Academic journal article English Language Teaching

The Development and Evaluation of an Achievement Test for Measuring the Efficacy of Task-Based Writing Activities to Enhance Iranian EFL Learners' Reading Comprehension

Academic journal article English Language Teaching

The Development and Evaluation of an Achievement Test for Measuring the Efficacy of Task-Based Writing Activities to Enhance Iranian EFL Learners' Reading Comprehension

Article excerpt

Abstract

The present study examined the reliability of an achievement test to measure the efficacy of task-based writing activities to improve Iranian EFL learners' reading comprehension at the intermediate level in a private language institute in Ilam, Iran, namely Alefba language institute. To achieve the goal, the techniques for evaluating reliability of criterion-referenced tests proposed by Brown and Hudson (2002) were employed. To calculate the reliability of the developed test, or using Brown and Hudson's (2002) term "dependability", two coefficients of agreement (ρo) and Kappa (κ) were computed following the appropriate way Brown and Hudson have offered. The results demonstrate that the developed achievement test is a reliable measure to assess the efficacy of task-based writing activities to advance the selected participants' reading comprehension skill. Implications of present findings and suggestions for further research are discussed as well.

Keywords: achievement test, task-based, writing activities, Iranian EFL learners, reading comprehension

(ProQuest: ... denotes formulae omitted.)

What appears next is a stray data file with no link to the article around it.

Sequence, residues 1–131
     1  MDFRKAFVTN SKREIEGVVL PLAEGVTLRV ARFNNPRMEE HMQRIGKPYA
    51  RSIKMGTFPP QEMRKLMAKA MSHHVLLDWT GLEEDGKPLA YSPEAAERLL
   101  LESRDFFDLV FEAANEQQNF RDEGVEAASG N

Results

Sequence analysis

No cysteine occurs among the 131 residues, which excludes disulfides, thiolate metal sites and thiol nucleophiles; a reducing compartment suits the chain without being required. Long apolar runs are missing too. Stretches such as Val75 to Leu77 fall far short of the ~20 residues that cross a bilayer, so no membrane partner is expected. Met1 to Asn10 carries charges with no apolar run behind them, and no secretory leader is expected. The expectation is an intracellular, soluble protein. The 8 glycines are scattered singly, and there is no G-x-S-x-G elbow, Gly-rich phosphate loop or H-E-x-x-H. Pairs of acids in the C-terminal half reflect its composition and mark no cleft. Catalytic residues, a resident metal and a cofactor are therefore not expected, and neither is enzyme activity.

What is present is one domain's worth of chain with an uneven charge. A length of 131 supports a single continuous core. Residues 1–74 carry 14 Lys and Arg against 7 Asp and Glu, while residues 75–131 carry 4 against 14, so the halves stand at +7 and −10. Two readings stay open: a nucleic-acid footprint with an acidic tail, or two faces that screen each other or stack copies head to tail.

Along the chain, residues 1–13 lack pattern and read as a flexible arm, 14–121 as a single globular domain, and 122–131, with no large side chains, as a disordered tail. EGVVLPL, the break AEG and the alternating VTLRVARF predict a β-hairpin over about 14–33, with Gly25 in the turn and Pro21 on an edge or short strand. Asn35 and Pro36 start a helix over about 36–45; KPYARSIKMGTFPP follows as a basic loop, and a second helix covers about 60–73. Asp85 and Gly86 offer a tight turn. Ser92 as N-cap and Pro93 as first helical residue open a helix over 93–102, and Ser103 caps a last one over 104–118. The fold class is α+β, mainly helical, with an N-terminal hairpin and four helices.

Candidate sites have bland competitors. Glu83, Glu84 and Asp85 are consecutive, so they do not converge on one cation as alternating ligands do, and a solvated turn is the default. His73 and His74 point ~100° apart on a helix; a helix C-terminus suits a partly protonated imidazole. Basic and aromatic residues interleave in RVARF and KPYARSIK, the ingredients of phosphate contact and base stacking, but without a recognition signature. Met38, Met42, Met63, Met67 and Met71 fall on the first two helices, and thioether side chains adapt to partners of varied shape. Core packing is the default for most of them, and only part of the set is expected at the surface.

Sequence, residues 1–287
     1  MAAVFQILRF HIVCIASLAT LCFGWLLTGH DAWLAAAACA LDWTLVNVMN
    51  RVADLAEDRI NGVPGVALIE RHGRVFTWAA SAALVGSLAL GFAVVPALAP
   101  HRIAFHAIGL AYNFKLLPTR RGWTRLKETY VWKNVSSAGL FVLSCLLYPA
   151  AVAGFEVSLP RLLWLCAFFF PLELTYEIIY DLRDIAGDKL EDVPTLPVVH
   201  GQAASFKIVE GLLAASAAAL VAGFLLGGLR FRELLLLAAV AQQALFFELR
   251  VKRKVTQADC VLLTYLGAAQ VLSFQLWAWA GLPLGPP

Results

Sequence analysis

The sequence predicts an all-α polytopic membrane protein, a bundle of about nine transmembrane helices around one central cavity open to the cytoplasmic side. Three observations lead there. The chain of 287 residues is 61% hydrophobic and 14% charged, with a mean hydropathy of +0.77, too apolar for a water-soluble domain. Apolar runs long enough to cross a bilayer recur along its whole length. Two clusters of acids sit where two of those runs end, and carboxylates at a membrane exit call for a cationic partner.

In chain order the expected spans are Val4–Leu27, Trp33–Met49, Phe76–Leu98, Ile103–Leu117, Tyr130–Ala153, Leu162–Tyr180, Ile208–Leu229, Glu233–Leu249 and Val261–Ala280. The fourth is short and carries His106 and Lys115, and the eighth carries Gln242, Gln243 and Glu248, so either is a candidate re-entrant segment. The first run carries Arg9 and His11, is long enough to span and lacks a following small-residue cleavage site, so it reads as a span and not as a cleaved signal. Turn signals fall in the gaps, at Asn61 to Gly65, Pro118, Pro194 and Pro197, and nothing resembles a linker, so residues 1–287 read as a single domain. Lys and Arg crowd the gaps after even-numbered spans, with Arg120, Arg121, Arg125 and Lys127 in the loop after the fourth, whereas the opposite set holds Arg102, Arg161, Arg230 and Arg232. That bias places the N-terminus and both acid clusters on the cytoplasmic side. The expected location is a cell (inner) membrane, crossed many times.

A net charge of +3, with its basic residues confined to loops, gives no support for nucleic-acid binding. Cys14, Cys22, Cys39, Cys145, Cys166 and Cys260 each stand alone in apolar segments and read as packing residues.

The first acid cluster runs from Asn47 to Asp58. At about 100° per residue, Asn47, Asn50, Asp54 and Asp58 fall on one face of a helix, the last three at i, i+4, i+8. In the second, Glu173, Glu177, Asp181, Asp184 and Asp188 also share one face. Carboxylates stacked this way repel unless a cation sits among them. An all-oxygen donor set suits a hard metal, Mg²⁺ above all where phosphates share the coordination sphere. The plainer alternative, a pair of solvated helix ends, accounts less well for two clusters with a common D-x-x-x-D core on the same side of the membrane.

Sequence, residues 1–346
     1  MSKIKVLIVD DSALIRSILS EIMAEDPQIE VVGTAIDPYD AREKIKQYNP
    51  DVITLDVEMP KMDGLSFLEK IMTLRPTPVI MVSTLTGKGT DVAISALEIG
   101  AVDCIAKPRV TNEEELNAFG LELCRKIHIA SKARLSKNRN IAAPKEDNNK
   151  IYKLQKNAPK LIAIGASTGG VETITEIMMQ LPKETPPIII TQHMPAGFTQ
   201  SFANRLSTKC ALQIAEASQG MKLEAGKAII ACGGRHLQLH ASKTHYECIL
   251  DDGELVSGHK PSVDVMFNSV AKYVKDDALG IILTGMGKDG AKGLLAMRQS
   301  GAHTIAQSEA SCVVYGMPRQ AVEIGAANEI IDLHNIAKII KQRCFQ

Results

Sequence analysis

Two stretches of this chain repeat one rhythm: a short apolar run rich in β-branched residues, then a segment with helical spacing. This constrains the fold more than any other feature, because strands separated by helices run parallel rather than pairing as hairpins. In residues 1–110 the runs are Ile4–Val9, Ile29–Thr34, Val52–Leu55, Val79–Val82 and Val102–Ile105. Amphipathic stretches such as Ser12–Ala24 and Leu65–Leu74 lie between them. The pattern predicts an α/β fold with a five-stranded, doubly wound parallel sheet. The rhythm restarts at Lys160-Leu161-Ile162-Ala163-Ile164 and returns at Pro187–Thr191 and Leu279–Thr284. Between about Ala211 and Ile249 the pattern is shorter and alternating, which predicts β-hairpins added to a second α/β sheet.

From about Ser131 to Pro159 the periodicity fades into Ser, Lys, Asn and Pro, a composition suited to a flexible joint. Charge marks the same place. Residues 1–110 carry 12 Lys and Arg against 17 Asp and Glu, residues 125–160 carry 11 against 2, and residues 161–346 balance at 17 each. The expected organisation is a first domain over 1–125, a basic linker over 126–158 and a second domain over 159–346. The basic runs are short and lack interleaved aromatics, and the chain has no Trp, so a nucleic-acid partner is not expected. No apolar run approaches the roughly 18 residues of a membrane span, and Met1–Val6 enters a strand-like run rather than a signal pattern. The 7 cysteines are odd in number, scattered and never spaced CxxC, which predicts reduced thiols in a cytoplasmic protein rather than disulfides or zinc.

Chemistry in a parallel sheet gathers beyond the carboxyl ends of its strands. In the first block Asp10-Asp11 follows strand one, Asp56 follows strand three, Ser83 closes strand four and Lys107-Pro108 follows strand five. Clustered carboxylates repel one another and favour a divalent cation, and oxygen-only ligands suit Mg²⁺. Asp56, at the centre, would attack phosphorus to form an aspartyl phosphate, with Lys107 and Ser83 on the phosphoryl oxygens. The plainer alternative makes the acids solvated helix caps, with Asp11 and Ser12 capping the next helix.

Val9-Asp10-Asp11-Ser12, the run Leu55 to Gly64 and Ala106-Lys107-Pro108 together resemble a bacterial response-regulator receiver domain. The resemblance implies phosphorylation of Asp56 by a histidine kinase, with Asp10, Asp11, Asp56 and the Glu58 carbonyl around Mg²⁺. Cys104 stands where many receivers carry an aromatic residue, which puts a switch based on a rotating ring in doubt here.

1. Introduction

The focal objective of English language teaching is to provide students with the skills and knowledge they need to be successful in the world awaiting them. Thus, students need a good command of the four major skills namely, listening, speaking, reading, and writing. Generally, the field of English Language teaching (ELT) has witnessed dramatic changes throughout its journey towards the most efficient method for successful language teaching. Almost all of the current and traditional methods of language teaching are not free from drawbacks. Even communicative language teaching, as a method employed throughout the world, includes a number of significant shortcomings. In order to acquire the target language effectively, learners need to engage actively in processing the meanings of whatever they hear and read.

Today, task-based teaching method is admired in EFL contexts. It is believed that it is a successful method that can substitute communicative language teaching and compensate for the weaknesses of it (Klapper, 2003). To adopt Willis's words (1998), a task can be considered as a purpose-oriented activity with a particular goal involving students in an attempt to achieve an outcome and finally a product that is appreciated by others. There are a variety of tasks that can motivate students to process the meaning and accomplish a desired goal purposefully since task-based instruction provides them a framework of structures, forms, and words (Willis, 1998).

Reading comprehension as the construction of meaning from text is the major focus of this study. It is generally considered one of the most central cognitive skills (Mason, 2004). Reading comprehension is fundamental to acquire knowledge in different subject areas in both elementary and secondary schools and is an essential prerequisite for prolong learning in adulthood (Alvermann & Earle, 2003). Available findings in the area of reading instruction reveal that emphasizing the traditional approaches and strategies has been the source of many problems. Task-based instruction has been a useful method for teaching different language skills including reading comprehension. Furthermore, one task-based technique recently used for enhancing students reading comprehension is task-based writing activities (Tilfarlioglu & Basaran, 2007).

Generally, language learning entails both conscious and unconscious acquisition of not only receptive skills such as listening and reading but also productive skills such as speaking and writing. To enable learners to do well in the source language, both receptive and productive skills have to be appropriately merged (Doff, 1998; Nunan, 1998; Woodward, 1991). Of suggested methods to merge all the skills for the improvement of language learning is activities coming from task-based writing (Tilfarlioglu & Basaran, 2007). …

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